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Laguna Beach launches in-house ambulance program

EMTs receive certificates from U.S. Rep. Michelle Steele's office during a ceremony for the new in-house ambulance program.
Emergency medical technicians receive certificates from U.S. Rep. Michelle Steele’s office, during an introduction and roll-out ceremony for the new in-house ambulance program at the Laguna Beach Fire Department at Station No. 4 on Friday.
(Don Leach / Staff Photographer)

Laguna Beach debuted its in-house ambulance service on Friday, as the city hosted morning events at Fire Station Nos. 1 and 4 to commemorate the program’s launch.

Station No. 1 is on Forest Avenue, while No. 4 is on Second Avenue. There will also be an overflow ambulance housed at Fire Station No. 2, located on Agate Street.

Residents had a chance to get a sneak preview of Laguna Beach’s new ambulances on Wednesday at an event celebrating the city’s 95th birthday at the cobblestone area of Main Beach Park.

A few of the ambulance operators who will help run the service were on site to interact with residents, who were able to look inside the ambulance. Some kids got in on the fun, receiving firefighter-style hats from the emergency personnel.

Longtime Laguna Beach resident Beth Leeds is given a toy fire hat from ambulance tech Owen Fisher.
Longtime Laguna Beach resident Beth Leeds is given a toy fire hat from ambulance tech Owen Fisher during the 95th birthday celebration for the city of Laguna Beach on Wednesday when attendees got a preview of the new ambulances.
(Don Leach / Staff Photographer)

“I’m very impressed,” Laguna Beach Mayor Sue Kempf said while in attendance at Wednesday’s event. “The fire department got 18 [ambulance operators] hired. We got the ambulances in time, so we’re ready to go. We’re going to have a smooth launch.”

The ambulance operators were required to go through an extensive ambulance academy, city officials said.

City Manager Shohreh Dupuis said the city hopes the operation will be cost neutral, but she said the transition to the city-run program would better serve residents with up to three ambulances available.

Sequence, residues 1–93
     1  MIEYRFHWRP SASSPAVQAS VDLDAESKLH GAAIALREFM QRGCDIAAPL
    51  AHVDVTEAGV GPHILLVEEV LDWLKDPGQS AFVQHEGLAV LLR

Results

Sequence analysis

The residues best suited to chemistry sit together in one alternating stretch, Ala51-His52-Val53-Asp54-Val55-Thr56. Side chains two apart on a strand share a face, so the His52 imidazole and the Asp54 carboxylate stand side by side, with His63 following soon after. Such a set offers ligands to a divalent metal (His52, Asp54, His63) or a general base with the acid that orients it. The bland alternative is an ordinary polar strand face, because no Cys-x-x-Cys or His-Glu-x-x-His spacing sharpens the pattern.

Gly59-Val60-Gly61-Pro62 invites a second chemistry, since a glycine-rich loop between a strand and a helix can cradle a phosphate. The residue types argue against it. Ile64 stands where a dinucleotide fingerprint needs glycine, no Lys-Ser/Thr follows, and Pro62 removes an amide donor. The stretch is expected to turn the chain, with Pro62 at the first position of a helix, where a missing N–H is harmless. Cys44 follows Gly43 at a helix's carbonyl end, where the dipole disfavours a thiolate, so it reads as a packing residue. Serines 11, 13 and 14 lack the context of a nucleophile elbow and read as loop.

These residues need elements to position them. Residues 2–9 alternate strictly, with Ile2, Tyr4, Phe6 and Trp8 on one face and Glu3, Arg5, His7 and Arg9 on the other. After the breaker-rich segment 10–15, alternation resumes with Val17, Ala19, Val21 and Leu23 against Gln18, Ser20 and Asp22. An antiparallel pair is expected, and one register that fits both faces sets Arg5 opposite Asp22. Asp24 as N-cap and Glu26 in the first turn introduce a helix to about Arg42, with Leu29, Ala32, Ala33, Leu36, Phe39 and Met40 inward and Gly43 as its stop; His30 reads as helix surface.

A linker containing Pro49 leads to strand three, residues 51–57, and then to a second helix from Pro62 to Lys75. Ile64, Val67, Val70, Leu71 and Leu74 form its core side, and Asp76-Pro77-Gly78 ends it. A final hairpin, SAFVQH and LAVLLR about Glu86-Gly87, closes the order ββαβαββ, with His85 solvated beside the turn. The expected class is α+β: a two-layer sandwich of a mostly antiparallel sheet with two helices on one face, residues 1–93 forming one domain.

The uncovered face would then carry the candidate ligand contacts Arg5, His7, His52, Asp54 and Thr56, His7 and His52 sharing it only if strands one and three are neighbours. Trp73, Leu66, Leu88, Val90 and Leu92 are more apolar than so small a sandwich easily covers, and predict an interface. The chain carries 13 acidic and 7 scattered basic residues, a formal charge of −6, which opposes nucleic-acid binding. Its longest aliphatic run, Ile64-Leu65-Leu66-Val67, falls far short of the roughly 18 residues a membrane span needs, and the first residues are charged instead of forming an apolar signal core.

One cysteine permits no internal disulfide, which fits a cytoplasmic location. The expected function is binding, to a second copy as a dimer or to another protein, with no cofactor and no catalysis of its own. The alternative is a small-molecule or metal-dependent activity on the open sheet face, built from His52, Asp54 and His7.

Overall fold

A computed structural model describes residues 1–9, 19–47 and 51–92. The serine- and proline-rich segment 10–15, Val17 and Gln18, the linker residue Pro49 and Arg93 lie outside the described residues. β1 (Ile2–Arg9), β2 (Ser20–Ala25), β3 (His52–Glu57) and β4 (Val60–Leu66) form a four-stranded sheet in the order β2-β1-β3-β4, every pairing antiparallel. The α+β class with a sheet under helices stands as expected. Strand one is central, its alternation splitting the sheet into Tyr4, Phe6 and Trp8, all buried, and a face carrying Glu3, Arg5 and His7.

“Ambulance companies are becoming more and more sparse because they’re figuring out that you need to have a lot of rides in your town in order to make a profit, so they’re just becoming more and more difficult to actually contract with to serve the small cities like ours.

“Due to our geography and being far away from other cities, financially, it doesn’t make sense for them, so the level of service that we were getting was very poor, just having [the equivalent of] one and a half ambulances in town. If they were on a call and we got another emergency call, we wouldn’t have the ambulances to serve people. This way, we have three ambulances in town.”

The new ambulance vans on display during small ceremony officially beginning the Laguna Beach in-house ambulance program.
(Don Leach / Staff Photographer)

In a video shared in the city’s online newsletter, Pat Cary, a captain and paramedic with the Laguna Beach Fire Department, said the ambulances would be available every hour of every day and respond to 911 medical emergencies throughout the city.

“In addition to our new ambulances, we will also have new equipment on them, such as automated external defibrillators, cardiac monitors and automated compression devices,” Cary said. “Overall, the city of Laguna Beach and the Laguna Beach Fire Department is excited about this program, and we are committed to serving you in your time of need.”

New EMTs stand at Station No. 4 following roll-out ceremony of the in-house ambulance program to Laguna Beach.
New EMTs stand at Laguna Beach Fire Department Station No. 4 following roll-out ceremony of the in-house ambulance program on Friday.
(Don Leach / Staff Photographer)

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